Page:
Mystery Scavenger Hunt Gives Away Bitcoin in San Francisco

A mystery donor is leaving aluminium bitcoin wallets all over San Francisco, as part of an educational scavenger hunt.

Jul 11, 2014 at 5:03 p.m. UTC
Updated Sep 11, 2021 at 10:58 a.m. UTC

Someone is going around San Francisco and leaving small sheets of aluminium all over the city. No, they are not littering. The sheets are in fact bitcoin 'paper' wallets – part of an elaborate scavenger hunt that is being carried out by an anonymous and fun-loving donor.

The hunt has its own twitter account, @SFHiddenBitcoin, which carries the slogan: 'Bringing bitcoins to the people by hiding them. An educational experiment'.

The account reveals clues as to where the wallets might be found, and acknowledges when they are found, but it is a mystery as to just who might be behind the stunt.

— SF Hidden Bitcoin (@sfhiddenbitcoin) July 10, 2014

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The wallets are neatly designed, black-on aluminium cards, displaying a bitcoin address, a QR code and the name of the twitter account. Each one is said to contain 0.0333 bitcoin, or about $20, which goes to the lucky finder.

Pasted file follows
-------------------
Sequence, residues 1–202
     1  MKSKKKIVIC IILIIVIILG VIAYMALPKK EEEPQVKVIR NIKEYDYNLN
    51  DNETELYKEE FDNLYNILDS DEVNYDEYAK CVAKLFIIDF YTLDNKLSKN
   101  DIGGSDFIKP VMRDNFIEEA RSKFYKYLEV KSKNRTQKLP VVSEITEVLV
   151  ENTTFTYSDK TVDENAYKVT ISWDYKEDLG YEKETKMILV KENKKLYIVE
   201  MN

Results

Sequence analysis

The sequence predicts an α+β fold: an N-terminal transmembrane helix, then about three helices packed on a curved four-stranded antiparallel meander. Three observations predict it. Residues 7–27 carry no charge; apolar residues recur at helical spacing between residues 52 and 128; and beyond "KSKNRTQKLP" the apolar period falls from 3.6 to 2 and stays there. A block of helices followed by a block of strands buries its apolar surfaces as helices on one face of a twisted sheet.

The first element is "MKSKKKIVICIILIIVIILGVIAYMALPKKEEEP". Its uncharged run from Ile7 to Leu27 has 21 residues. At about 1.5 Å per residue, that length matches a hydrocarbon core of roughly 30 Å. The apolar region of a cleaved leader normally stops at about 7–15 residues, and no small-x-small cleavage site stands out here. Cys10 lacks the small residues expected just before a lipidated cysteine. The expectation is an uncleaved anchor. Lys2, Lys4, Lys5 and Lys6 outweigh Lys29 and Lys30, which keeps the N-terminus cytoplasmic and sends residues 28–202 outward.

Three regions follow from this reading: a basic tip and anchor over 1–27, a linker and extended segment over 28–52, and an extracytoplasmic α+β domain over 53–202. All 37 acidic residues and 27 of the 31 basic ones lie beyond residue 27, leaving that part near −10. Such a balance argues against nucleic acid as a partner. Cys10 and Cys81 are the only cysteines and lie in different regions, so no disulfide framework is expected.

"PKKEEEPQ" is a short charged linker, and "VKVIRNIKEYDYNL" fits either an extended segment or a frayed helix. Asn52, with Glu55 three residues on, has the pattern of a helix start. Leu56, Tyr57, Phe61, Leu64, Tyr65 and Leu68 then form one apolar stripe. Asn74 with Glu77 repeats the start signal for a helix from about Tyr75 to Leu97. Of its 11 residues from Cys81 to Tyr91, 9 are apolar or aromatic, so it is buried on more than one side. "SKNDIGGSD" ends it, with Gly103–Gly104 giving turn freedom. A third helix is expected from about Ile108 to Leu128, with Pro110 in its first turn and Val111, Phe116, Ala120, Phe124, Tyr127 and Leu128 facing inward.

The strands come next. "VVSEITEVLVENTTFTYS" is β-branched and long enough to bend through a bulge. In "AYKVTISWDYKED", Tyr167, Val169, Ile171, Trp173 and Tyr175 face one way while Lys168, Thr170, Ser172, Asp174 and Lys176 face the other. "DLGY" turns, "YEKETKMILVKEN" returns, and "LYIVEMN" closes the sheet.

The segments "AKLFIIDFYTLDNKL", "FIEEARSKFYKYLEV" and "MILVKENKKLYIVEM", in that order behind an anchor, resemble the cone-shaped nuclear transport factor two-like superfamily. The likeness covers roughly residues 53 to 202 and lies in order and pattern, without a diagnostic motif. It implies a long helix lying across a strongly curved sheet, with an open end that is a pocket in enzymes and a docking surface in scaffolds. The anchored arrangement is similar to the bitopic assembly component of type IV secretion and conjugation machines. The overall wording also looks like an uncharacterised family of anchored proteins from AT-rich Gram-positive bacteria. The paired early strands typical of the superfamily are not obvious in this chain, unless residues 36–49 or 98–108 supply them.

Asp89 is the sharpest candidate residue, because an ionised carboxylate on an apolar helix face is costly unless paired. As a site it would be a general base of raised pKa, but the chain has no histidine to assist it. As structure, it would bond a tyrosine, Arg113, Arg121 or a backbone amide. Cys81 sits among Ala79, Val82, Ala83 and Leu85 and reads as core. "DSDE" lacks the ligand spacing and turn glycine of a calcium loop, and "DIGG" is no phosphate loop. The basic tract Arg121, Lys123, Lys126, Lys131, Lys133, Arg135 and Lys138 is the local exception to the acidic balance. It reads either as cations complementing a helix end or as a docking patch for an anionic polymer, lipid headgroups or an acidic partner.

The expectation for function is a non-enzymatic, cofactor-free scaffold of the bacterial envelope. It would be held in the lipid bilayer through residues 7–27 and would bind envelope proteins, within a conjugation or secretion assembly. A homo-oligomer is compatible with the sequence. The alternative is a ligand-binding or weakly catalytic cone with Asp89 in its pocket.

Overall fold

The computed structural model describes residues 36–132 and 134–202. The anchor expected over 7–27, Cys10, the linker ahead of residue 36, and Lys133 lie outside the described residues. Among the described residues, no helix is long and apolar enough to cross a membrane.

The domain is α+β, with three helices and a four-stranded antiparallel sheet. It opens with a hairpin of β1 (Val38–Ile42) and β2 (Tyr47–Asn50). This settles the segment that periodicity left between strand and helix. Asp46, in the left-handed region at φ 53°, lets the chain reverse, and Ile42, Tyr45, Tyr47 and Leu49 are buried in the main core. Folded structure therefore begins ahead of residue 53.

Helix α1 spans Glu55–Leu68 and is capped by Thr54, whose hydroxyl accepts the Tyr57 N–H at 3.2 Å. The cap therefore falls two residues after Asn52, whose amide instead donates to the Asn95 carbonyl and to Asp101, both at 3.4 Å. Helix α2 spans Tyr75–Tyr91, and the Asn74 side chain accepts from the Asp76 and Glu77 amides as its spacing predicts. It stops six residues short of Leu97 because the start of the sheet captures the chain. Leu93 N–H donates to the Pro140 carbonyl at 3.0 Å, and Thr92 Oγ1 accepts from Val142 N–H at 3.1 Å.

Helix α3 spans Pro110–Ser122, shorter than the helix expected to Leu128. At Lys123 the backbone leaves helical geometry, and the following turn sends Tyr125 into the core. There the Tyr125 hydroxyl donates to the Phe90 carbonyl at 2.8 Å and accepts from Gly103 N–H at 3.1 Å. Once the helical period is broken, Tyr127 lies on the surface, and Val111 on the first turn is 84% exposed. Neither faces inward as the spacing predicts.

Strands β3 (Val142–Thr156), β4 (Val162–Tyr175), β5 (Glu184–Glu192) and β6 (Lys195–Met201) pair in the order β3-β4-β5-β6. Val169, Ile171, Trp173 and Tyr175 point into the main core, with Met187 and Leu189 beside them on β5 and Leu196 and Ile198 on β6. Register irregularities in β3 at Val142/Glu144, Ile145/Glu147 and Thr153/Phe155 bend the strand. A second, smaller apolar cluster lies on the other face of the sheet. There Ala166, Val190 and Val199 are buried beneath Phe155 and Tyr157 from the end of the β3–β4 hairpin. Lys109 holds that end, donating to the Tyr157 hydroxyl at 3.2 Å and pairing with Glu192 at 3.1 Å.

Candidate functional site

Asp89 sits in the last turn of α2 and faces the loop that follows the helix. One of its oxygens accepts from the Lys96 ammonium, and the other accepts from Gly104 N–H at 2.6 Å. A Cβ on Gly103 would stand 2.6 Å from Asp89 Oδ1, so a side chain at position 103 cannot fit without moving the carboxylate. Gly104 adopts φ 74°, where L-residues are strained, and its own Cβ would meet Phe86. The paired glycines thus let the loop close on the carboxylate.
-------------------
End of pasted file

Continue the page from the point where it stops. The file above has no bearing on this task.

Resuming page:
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Bitcoin wallet

Many of the twitter clues reference pop culture icons, movies and TV shows and are obviously designed to amuse. One is a play on words on the Facebook movie tagline: 'You don't pay $10m for a house without making a few enemies', and it is believed the card is hidden somewhere near Mark Zuckerbeg’s house.

Copycat scheme?

@SFHiddenBitcoin claims the scavenger hunt will go on for a month, with a new wallet stashed away in a new location every day of July. So far all the cards have been found within a short time of the clue being released.

The scheme closely resembles the Hidden Cash scavenger hunt organised by billionaire Jason Buzi in May. Buzi buried money in plastic toys in several locations in California and elsewhere, and the associated twitter feed eventually ended up with 700,000 followers.

@SFHiddenBitcoin currently has 219 followers, but media coverage is picking up, even at mainstream news outlets. Business Insider ran a brief feature on the scavenger hunt yesterday, while SF Weekly covered it today.

Wallet image via @sfhiddenbitcoin

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